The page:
On May 29th, a US armored vehicle, while patrolling through the streets of Kabul, crashes into a dozen Afghan cars and kills four on the spot. The angry Afghans, who attribute the attack to an apparently 'drunk' driver, retaliate by throwing stones at the Americans. The Americans, later assisted by the Afghan police force, open fire on the mob. The affair goes out of control as more Afghans join the agitated mob and indulge in arson. Order is restored in the afternoon by which time as many as 20 protestors are killed by firing from security personnel. Many buildings and shops are set ablaze and looted. The deadliest incident involving civilians since the ouster of the Taliban, it has prompted serious trepidations among ordinary Afghans regarding the stability of the country.
However, answering the question as to how a handful of protestors turned out to be violent enough to neglect security measures and indulge in anarchy in such large scope is important. Some speculate that the peoples' incubating frustration at the slow pace of progress in the country led to the incident. While I wouldn't totally rule out the involvement of this factor, I would also like to point out a few other factors which have played critical roles.
Afghanistan prides itself over having defeated the then superpower Russians in the late 1980s. They also pride themselves over their victory against the Britons in the early 1900s when the then superpower retreated with only one severely wounded soldier left in its ranks. The Afghans still believe that despite their war-weariness, they can thwart out any 'invasion' on their soil.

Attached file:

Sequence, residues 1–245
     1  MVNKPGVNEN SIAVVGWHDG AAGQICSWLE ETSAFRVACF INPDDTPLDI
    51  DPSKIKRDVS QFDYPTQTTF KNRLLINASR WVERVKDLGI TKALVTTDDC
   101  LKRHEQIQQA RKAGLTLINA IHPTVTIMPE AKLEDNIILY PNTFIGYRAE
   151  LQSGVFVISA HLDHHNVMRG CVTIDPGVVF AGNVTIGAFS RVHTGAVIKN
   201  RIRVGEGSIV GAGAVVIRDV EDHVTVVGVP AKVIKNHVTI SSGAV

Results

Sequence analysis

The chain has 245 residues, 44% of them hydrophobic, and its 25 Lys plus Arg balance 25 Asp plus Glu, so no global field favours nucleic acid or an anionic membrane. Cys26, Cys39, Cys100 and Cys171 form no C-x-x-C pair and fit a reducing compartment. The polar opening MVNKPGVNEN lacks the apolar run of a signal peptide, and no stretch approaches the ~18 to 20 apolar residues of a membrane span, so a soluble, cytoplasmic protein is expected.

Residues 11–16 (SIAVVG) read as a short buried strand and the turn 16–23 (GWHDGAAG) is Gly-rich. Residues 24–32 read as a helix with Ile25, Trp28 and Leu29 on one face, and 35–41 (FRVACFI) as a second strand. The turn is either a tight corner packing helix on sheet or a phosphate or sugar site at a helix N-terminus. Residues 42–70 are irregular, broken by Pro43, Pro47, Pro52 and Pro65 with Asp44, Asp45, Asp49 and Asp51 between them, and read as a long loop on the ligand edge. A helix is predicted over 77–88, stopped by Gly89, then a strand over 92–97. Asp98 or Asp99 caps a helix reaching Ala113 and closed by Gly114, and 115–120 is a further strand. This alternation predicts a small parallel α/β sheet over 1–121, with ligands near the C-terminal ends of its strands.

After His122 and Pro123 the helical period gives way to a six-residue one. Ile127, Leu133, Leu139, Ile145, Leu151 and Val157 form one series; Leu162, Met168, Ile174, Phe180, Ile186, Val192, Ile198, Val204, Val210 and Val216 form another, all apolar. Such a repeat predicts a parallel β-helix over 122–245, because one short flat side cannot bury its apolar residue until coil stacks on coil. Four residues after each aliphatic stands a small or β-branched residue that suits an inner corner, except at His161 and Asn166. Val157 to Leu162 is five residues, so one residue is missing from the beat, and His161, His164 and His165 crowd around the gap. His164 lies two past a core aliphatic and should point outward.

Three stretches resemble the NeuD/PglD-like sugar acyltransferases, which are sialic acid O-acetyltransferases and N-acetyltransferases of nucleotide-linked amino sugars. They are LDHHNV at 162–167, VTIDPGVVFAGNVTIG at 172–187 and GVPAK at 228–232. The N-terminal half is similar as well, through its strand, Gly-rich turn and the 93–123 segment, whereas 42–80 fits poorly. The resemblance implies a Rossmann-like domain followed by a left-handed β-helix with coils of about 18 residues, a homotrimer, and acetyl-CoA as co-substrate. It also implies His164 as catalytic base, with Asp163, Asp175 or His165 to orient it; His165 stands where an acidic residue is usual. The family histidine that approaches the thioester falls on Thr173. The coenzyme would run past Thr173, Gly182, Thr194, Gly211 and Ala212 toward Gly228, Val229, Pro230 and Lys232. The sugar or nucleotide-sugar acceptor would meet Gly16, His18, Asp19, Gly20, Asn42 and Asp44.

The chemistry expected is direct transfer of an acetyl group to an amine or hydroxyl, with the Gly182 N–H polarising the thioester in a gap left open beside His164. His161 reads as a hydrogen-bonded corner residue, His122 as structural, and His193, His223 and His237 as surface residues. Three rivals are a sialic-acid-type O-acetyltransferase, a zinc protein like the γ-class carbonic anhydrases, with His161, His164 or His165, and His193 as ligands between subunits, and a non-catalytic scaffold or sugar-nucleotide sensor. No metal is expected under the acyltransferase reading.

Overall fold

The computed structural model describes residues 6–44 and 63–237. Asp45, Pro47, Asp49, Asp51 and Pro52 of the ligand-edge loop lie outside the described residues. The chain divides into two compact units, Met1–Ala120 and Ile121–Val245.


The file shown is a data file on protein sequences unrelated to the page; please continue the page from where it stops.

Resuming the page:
The looming presence of foreign troops is hurting that national pride. On top of that, the troops' domineering behavior characterized by their careless patrols, recklessness in breaking local laws and ridiculing the local people, is fermenting resentment against them. This means the people react very strongly whenever-during such incidents-they get a chance of doing so. This also means that the widespread protests may have been a response to those feelings of subjugation and trampled national pride.
Afghanistan, with no exception of the capital, Kabul, is still geographically divided over ethnic lines. West Kabul, for example, is identified by its predominant Hazara populace; areas like the Qal'a Cha, by their predominant Pushtoon inhabitants, while Khair Khana, where the bloody traffic incident took place, is known by its Tajik population. Some speculate-with a fair degree of verity-that since the protests began there, and that the protestors were carrying photos of the Tajik warlord, Massoud, it may very well have been an upshot of incitement by Karzai's archrival and Tajik leader, Younus Qanuni.
However, that alone doesn't seem to have been the cause. When ATN-a private TV channel operating in Kabul-came under attack, the police-despite having been requested to interfere-came to the rescue two hours later, by which time almost half of the TV station had been engulfed by fire.
The fact that President Karzai fired 50 police officers and relocated more than 30 others right after the riots is an indicator of the incompetence of the force. Among those fired was the Kabul police chief, Jamil Junbish, who lost his job because the reaction of his department had been "very weak." The Defense Ministry, which admitted its shortcomings, has also been criticized by many. The worsening of situation after the traffic accident can almost exclusively be attributed to a poor handling of the incident by these institutions.
The growing dislike for foreign troops, dirty politics, and incompetence of the administrative cadres are some of the important catalysts which, if left unattended, can help speed up Afghanistan's tumble into chaos.
Tags: Afghanistan, Afghanistan-reconstruction, War-on-terror, PoliticsAdd To: